That's the film's first half; by the second one might accuse Hu of careless continuity, or shoddy production value. The heroine Golden Swallow (Chiang Pei Pei, who worked with Hu on only one major project (this one), but maintained a strong bond with the man for the rest of his life) is wounded by a poisoned dart and faints; when she later opens her eyes, liquid yellow drains upwards from the screen (Hu creates this effect by spilling the liquid on a sheet of glass positioned before the lens, the footage then projected backwards) to reveal the ceiling of a small hut. Later Swallow steps out of the hut and glares weakly at a small pond; the pond glares back, radiating a bright radioactive green.
Hu's color palette has become strange, his editing even stranger--when Golden Swallow confronts Abbot Liao Kung (Chih Ching Yian), the Abbot shoves her to the ground; Hu cuts and suddenly Swallow and Abbot are twenty feet apart, where a second before they were at arm's length. The Abbot has a showdown with Drunk Cat (Hua Yueh), and it's as if they could fold space, jump time, instantaneously switch positions with each other--Hu edits this sequence not so much for plausibility or logic, it seems, as for some kind of ad hoc clarity; to paraphrase the White Queen, he feels the need to depict three impossible things before breakfast.
I understand how a viewer enjoying Hu's crystalline action filmmaking might rebel when everything he's been enjoying so far has been pulled out from under him; also understand how this kind of response to the picture is ultimately incomplete. After achieving effortless mastery in the first half, Hu strives to exceed that mastery, strives for transcendence in action filmmaking, for the kind of abstraction and experimentation that distinguished his later masterpieces (Xia nu (A Touch of Zen, 1969) and Chung lieh tu (The Valiant Ones, 1975)). In this, his first and most conventional wuxia pian, Hu is already pushing the boundaries of the action film, seeking the next stage of development. He seems aware of how few films he will be allowed to make, and is impatient to realize as many new ideas onscreen as he possibly can--hence the density, the odd structure of the film.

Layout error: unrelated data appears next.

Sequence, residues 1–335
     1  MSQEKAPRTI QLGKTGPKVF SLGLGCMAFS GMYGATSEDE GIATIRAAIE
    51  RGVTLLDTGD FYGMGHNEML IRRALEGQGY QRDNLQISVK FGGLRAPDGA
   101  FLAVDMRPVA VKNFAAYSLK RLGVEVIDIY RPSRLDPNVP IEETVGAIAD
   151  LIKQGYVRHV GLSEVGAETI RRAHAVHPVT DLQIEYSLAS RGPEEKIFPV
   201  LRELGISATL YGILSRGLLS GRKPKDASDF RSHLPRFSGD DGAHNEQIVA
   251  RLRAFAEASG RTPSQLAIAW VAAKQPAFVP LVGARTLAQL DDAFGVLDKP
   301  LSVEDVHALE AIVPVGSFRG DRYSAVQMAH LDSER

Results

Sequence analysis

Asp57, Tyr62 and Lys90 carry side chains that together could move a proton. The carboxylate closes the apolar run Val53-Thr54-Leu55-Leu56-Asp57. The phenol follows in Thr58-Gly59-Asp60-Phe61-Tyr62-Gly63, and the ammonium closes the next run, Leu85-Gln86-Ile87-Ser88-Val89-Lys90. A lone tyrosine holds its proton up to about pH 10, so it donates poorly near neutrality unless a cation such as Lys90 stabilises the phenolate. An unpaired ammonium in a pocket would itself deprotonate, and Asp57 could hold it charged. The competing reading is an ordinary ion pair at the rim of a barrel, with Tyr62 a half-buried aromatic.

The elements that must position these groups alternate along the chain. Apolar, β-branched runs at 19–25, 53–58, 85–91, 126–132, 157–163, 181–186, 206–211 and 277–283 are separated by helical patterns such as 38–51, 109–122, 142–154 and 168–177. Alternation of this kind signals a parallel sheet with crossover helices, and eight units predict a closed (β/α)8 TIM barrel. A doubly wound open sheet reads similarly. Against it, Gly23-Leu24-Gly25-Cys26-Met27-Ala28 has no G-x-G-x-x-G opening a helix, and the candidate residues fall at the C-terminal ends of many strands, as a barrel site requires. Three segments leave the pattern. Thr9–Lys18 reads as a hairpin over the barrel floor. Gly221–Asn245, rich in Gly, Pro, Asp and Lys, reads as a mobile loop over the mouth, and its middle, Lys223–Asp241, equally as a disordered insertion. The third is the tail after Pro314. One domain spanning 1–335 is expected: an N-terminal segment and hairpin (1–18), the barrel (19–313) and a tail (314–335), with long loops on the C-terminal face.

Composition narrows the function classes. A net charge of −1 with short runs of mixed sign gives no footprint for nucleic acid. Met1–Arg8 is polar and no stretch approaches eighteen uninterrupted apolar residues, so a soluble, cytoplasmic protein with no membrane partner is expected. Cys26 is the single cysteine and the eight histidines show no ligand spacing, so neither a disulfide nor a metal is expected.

After years of sitting through 16 mm prints of varying quality finally a Criterion DVD of Kenji Mizoguchi's Sansho Dayu (Sansho the Bailiff, 1954), about a mother (played by the great Kinuyo Tanaka) searching for her two lost children (shades of Sisa's search for Basilio and Crispin--but apparently the mother searching for her children is an archetype found in many cultures). With excellent commentary by Japanese Literature professor Jeffrey Angles and interviews of Kyoko Kagawa (who plays the young woman Anju) and film critic Tadao Sato, talking about the picture.
If there's a disappointment in all this, it's the fact that after drinking deep of a clear copy of the film, I find myself with little to say. What can you say about a film that may well be Mizoguchi's masterpiece, and one of the greatest films ever made? What can you say about a film that, as Tadao Sato tells us, is Mizoguchi's simplest work, the simplicity arrived at through comprehensive and absolute mastery of filmmaking in all its aspects? That it's a perfect distillation of Mizoguchi's vision, of a world of suffering and deprivation relieved here and there by moments of sacrifice and transcendent insight? That it's his most ruthlessly heartbreaking work?